Last summer when we were visiting my parents in Westborough, Massachusetts–the town I grew up in (remember I told you about it here and here?)–I drove past this stunning house on Church Street and it stopped me in my tracks. I just couldn’t believe that I had never noticed it before. Well, that’s because it didn’t look like this when I lived there.
Back when I lived in Westborough, it looked more like this.
Lucky for me, the stunning house had a sign out front that said 43churchst.com. So, I checked it out and found the story of how Michael Fitzpatrick (a very talented wood furniture maker) and his wife, Dr. Jean Keamy, had purchased the house with the intention of renovating it and bringing it back to its former glory. I mean, look how gorgeous it was back in 1880.
Their website is great and it shows lots of process shots but I was dying to see it inside, so I emailed Michael and asked if he would let me–and the Sue at Home readers–take a peek. He could not have been more gracious and welcoming so the next time I was in Westborough, Pablo and I went to take a look. (Yes, it’s taken me over 6 months to write this post. What can I say, it’s got a LOT of pictures.)
They brought the exterior of the house back to its original style except for the addition of this porte cochere on the side. No need to Google it. “Porte Cochere” translates to Carriage Porch. (It’s like a fancy carport.)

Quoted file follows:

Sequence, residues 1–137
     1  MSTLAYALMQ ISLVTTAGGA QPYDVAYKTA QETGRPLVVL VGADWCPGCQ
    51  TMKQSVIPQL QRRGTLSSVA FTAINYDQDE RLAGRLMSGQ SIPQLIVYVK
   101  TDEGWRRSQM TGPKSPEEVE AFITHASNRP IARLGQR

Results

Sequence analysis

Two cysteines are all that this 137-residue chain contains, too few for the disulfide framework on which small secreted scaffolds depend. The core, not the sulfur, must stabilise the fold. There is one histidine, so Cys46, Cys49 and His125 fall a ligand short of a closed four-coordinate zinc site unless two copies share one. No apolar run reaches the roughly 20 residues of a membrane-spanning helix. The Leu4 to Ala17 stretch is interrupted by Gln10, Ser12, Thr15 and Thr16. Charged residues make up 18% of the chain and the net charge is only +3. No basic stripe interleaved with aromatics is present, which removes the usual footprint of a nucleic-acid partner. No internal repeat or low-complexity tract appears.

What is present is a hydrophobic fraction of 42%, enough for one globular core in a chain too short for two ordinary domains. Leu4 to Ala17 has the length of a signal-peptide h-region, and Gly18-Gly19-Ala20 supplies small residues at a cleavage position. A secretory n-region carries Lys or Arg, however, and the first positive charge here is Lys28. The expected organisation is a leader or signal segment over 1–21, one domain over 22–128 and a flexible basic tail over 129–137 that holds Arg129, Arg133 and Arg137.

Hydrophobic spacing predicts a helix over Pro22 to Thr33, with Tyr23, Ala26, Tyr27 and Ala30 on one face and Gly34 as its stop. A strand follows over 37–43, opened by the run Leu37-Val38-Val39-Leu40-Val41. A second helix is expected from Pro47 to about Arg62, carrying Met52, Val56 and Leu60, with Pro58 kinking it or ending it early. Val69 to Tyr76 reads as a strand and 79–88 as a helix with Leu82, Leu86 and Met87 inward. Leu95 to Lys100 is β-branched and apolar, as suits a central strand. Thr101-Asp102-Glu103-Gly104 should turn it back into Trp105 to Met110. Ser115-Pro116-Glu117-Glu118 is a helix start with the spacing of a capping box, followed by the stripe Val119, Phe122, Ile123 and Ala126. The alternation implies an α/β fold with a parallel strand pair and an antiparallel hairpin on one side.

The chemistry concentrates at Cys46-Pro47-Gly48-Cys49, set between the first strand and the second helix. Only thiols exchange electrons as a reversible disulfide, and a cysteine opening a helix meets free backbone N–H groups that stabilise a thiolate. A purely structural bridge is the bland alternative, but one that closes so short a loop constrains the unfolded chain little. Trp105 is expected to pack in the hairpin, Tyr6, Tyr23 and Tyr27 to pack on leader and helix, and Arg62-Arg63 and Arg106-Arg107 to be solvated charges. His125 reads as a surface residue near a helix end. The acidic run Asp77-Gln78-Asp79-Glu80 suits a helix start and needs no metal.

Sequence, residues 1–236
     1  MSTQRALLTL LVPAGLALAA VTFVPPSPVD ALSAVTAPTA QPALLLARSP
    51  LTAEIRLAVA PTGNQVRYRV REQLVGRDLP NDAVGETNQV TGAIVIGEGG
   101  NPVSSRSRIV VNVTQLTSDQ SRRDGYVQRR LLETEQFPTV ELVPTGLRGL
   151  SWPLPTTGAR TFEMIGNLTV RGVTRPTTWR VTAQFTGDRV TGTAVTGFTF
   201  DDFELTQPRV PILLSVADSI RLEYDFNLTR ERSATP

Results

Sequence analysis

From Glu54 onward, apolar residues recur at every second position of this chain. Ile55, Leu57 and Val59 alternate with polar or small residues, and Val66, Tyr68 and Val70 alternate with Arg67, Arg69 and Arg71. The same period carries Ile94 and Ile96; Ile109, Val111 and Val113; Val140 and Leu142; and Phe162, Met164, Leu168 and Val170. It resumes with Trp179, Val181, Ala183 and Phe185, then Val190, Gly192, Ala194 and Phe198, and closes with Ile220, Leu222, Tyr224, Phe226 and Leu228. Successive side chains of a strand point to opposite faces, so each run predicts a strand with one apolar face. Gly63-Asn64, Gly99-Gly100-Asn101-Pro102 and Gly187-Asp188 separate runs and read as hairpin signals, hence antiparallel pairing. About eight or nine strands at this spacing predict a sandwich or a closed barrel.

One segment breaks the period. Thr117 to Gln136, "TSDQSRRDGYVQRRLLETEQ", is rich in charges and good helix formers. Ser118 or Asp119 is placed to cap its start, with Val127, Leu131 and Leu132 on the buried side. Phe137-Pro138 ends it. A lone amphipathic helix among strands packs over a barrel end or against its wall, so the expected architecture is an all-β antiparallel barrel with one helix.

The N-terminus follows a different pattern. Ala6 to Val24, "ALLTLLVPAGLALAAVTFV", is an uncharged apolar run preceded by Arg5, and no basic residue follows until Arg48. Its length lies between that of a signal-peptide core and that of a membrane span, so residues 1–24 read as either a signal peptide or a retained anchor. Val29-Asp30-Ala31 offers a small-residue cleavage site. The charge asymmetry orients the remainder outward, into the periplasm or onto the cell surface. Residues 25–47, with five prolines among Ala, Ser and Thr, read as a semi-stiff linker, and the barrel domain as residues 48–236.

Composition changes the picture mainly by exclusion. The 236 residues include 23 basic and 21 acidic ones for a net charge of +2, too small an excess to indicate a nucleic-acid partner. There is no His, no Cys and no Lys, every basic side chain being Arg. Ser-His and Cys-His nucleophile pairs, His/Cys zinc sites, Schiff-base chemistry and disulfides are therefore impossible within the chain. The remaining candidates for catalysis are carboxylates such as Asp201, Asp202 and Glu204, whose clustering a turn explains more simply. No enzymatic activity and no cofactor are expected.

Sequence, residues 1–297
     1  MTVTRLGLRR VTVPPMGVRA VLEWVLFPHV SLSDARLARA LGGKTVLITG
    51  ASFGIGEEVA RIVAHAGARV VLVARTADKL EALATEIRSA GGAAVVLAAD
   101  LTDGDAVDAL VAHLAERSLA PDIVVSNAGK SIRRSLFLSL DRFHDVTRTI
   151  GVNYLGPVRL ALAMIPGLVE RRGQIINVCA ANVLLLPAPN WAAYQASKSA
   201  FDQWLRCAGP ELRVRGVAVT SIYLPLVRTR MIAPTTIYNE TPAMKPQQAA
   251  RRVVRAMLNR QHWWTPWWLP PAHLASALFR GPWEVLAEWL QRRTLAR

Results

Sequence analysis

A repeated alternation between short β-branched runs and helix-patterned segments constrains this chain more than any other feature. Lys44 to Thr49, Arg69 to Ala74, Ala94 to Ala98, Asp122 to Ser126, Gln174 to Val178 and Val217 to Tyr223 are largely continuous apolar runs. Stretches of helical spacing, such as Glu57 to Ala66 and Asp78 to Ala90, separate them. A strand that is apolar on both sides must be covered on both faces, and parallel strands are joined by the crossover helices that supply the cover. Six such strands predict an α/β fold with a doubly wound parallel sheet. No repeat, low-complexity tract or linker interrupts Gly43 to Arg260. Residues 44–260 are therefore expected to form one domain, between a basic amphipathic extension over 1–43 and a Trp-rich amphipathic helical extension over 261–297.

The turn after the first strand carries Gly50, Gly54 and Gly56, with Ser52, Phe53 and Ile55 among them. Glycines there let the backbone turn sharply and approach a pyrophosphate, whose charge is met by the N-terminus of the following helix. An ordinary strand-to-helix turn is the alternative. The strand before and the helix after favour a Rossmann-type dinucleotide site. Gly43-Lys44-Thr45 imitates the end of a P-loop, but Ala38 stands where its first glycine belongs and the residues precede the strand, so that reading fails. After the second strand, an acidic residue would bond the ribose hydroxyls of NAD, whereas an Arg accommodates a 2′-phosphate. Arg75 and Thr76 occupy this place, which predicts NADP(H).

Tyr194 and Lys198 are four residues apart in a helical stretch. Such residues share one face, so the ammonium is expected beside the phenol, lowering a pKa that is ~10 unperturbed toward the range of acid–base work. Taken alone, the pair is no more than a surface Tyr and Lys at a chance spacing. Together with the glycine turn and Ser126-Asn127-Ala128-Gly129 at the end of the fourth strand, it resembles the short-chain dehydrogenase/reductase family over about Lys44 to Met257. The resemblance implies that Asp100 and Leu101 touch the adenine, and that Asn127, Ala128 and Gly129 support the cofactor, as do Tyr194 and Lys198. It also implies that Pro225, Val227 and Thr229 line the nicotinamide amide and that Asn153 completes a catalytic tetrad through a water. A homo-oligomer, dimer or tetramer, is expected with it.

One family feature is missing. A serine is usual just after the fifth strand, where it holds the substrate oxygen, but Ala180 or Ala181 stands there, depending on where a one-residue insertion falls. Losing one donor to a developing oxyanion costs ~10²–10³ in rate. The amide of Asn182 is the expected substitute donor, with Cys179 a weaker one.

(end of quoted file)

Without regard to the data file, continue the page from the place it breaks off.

Here’s the back of the house.
As they were building the porte cochere, some birds decided to make it their home so they continued building around the birds and now they’ve got permanent houseguests. See that little square in the picture below? That’s how their little feathered friends get in and out.
Michael restored and built reproductions of all the exterior millwork himself. (See more about that in this video.)
I especially loved the pale blue painted porch ceiling. Let’s go inside, shall we?
While they respected the aesthetic of the original structure on the exterior, they opted for a more modern interior with an open floor plan and a focus on function. I loved all of the clean simple furnishings.
The floating stairs–that connect all four levels–let in tons of light.
This little sitting area connects the living room and kitchen.
I love how the color of the mid-century chairs is picked up in the kitchen backsplash.
The center column in the house, which has a small bathroom and an elevator on this floor, also includes this built-in bookshelf. (Note the wood carved grate. Yup – that was made by Michael, too. It’s the details like this that make this house like no other I’ve ever seen.)
Here’s Michael showing us the diary of Mary White Forbes that they found in the house. The entries are dated 1850-1857.
The kitchen is a story itself. Every single shelf and drawer is completely thought out and made for full function.
The wood veneer is Black Palm from Ecuador, a renewable resource. (Now’s a good time to mention that 80% of the materials that were taken out of the house at the time of demo were recycled to other homes around New England.)
Adjacent to the kitchen is the dining room. That low table on the right is one of Michael’s designs made for a show at the Fuller Craft museum.
Check out these small “floorlights” that connect to the basement below. (Remember those. You’ll see them again.)